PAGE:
Yamaha invited a group of writers to sample their latest sport ATVs, the YFZ450R and Raptor 700R. Alike in styling but miles apart in feel, these two represent the top-level sport ATVs on sale right now. Back in the late 2000s, the sport ATV market was flourishing. Top ATV manufacturers at the time included Yamaha, Honda, Kawasaki, Suzuki, Can-Am, KTM, and a handful of others. Today, Yamaha is the only manufacturer still carrying the torch in the 450cc and Big Bore sport ATV classes. Luckily, Yamaha’s YFZ and Raptor were both best in class when competition was heated, and they have only gotten better over time with revisions to things like suspension tuning, clutches, and bodywork.
The 2022 Yamaha YFZ450R
- Engine: Dual Overhead Cam 449cc 5-valve, 5-speed manual with slipper clutch
- Weight: 405 pounds
- Seat Height: 31.9 inches
- Suspension Travel: 9.8 inches (front), 11.0 inches (rear), fully adjustable suspension
- MSRP: $9,799-$10,199
Yamaha’s YFZ450R represents the penultimate performance Sport ATV. It features a motocross-inspired five-valve dual overhead cam single cylinder four stroke engine, which loves high-RPM operation. In the sand, the YFZ loves to be wrung out and is a more involved, exhilarating experience than the Raptor. High-RPM, gear-rowing action is made easy on the YFZ thanks in part to its unique semi-slipper clutch. The pull at the clutch lever is easy and buttery smooth, offering single-finger operation.
The YFZ’s suspension is much more suited to hard riding, jumping, and railing corners than the Raptor. Tuned for a mix of track, off-road, and dune use, the YFZ’s trick fully adjustable shocks offer enough tuning capability to fit most riders’ styles. It shines more the harder you ride and was the easier ATV to ride fast in Oregon’s tight two-track dune trails. It does lack low-end grunt in its stock configuration, however, which means you can’t lug it around. Miscalculations on which gear you attack a hill in could force you into a second attempt.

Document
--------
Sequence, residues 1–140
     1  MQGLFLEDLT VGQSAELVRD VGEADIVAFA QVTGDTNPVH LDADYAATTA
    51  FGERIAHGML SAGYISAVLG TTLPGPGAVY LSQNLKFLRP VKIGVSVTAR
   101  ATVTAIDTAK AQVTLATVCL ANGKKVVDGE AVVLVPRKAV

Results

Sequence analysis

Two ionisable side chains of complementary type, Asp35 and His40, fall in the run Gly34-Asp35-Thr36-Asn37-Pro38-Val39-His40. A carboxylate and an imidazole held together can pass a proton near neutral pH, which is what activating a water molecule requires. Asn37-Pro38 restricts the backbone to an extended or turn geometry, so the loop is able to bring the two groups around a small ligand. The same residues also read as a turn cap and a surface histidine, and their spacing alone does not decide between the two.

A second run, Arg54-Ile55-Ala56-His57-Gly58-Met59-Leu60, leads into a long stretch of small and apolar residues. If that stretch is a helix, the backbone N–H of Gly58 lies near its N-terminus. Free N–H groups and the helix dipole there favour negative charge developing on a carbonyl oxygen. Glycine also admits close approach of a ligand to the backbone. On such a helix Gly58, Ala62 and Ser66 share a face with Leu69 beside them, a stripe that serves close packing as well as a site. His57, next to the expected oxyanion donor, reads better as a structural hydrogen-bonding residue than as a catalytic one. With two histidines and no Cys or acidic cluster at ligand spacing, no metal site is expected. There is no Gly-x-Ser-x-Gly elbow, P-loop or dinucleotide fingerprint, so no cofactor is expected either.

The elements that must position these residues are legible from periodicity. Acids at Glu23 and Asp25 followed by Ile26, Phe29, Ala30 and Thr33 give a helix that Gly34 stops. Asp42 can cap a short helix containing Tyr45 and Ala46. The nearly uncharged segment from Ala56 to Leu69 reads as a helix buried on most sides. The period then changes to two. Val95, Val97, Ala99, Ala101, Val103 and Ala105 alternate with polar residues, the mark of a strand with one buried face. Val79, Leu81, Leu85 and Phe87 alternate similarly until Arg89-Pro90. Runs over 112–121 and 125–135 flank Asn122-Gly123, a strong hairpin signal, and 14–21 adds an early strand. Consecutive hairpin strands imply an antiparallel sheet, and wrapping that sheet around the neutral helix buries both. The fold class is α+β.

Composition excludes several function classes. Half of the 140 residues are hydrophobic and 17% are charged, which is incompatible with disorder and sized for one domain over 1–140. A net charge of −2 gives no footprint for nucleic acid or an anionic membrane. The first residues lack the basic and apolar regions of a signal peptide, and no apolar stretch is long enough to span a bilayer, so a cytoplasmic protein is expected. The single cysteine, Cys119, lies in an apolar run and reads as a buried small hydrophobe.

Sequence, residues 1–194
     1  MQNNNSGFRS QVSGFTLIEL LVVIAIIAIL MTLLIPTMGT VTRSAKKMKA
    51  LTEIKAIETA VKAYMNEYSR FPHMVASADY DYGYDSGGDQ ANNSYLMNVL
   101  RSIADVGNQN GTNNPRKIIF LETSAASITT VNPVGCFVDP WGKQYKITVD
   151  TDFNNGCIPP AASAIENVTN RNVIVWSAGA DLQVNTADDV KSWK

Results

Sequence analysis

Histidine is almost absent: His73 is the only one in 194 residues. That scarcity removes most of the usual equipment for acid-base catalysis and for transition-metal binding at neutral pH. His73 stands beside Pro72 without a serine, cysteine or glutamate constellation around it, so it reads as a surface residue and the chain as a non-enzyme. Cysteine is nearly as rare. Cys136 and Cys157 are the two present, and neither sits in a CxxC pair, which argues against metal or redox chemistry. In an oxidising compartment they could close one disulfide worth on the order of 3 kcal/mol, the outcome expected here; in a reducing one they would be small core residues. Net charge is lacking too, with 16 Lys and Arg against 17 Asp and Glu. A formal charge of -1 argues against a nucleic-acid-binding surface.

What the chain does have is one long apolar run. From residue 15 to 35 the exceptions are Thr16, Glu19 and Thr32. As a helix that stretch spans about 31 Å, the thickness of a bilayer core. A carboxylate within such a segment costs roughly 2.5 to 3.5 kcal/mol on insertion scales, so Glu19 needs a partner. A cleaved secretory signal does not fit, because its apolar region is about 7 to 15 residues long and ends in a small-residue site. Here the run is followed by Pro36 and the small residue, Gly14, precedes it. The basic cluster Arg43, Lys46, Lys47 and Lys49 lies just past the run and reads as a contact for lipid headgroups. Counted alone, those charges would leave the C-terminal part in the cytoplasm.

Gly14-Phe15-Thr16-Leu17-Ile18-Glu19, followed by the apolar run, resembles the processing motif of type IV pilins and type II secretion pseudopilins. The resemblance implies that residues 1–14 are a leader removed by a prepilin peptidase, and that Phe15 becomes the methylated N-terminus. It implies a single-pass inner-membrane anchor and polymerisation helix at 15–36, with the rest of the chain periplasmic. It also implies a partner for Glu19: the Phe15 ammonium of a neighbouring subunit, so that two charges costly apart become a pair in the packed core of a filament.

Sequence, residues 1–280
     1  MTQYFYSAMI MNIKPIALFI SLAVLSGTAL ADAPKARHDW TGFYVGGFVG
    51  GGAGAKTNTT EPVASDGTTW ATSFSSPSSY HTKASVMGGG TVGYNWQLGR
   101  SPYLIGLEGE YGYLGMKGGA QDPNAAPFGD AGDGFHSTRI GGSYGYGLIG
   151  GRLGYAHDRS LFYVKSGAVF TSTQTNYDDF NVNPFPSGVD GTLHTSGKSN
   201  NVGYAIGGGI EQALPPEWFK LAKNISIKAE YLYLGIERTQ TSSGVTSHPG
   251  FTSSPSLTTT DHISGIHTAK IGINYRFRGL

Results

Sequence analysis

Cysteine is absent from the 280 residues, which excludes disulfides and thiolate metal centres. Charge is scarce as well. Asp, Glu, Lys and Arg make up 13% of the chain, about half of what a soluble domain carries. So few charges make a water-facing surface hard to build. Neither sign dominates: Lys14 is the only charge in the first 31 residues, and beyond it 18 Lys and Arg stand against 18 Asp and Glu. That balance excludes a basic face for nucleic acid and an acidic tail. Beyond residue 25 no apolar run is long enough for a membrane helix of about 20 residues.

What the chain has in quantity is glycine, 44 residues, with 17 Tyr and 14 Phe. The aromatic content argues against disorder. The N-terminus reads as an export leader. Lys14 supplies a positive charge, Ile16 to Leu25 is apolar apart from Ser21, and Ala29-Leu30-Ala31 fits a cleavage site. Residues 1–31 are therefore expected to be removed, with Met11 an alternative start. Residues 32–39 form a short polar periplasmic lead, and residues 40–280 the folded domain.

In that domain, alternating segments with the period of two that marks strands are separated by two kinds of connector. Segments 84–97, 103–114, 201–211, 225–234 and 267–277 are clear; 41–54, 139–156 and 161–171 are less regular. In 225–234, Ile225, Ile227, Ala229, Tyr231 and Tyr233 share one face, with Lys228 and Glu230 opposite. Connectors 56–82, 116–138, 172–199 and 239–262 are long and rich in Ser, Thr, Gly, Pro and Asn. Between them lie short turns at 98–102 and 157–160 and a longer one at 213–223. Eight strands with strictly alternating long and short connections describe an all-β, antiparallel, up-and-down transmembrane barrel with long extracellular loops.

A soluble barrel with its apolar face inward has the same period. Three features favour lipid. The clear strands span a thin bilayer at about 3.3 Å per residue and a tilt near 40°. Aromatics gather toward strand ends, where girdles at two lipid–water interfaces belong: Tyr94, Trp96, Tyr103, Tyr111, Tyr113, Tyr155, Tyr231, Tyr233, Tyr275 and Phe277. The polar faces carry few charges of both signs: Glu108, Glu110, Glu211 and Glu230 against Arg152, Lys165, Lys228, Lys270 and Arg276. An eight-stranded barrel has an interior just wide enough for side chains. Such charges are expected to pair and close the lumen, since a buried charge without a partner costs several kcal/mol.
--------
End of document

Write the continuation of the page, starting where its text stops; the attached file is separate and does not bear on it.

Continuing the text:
Yamaha’s Sport ATVs all feature excellent ergonomics. Comfortable bar bends, smooth controls, and great placement makes controlling the YFZ second nature. Yamaha took the time to install their accessory GYTR (Genuine Yamaha Team Racing) nerf bars, which are extended foot platforms that essentially allow you a large netted base to keep your foot out from under the peg and rear tire. They have the added benefit of providing a great platform to push on for leverage when cornering and are an accessory we would highly recommend adding to any ATV.
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The 2022 Yamaha Raptor 700R
- Engine: Single Overhead Cam 686cc 4 valve, 5-speed manual
- Weight: 422 pounds
- Seat Height: 32.7 inches
- Suspension Travel: 9.1 inches (front), 10.1 inches (rear), fully adjustable suspension
- MSRP: $8,799-$9,999
Yamaha’s Raptor 700R has long been hailed as the king of sport quads, mainly for its versatility. Its massive 686cc single-cylinder engine favors low and mid-range power versus the YFZ450R’s high-RPM punch, making it much easier to ride in most circumstances. While it is taller than the YFZ, it is also narrower, so it lacks the insane cornering confidence that only the low-slung YFZ can manage.
That said, the Raptor is no slouch in the handling department. Confident, balanced, and easy to manage, the Raptor 700R is everything a big-bore Sport ATV should be. The controls are butter-smooth, which means taming this beast is a task easily managed by most riders of average talent. Its suspension is softer than the YFZ’s, filtering out chop and chatter much better while also providing enough bottoming resistance to jump, pound rolling whoops, or dive hard into corners. The smooth, grunty nature of the 700’s engine makes hill climbs easy, and you can roll around the Oregon Dunes almost entirely in 3rd gear, only shifting in a handful of places.
If your style is more casual, or you prefer a more comfortable ride, the Raptor 700R is the clear choice. For long days in the saddle, the Raptor will tire you out less, but you won’t be passing any YFZs in the tight, twisty stuff. Thank you to Yamaha for having us out for an epic riding adventure, one we will be sure to replicate again on our own, and we can’t think of a better unit to do it on.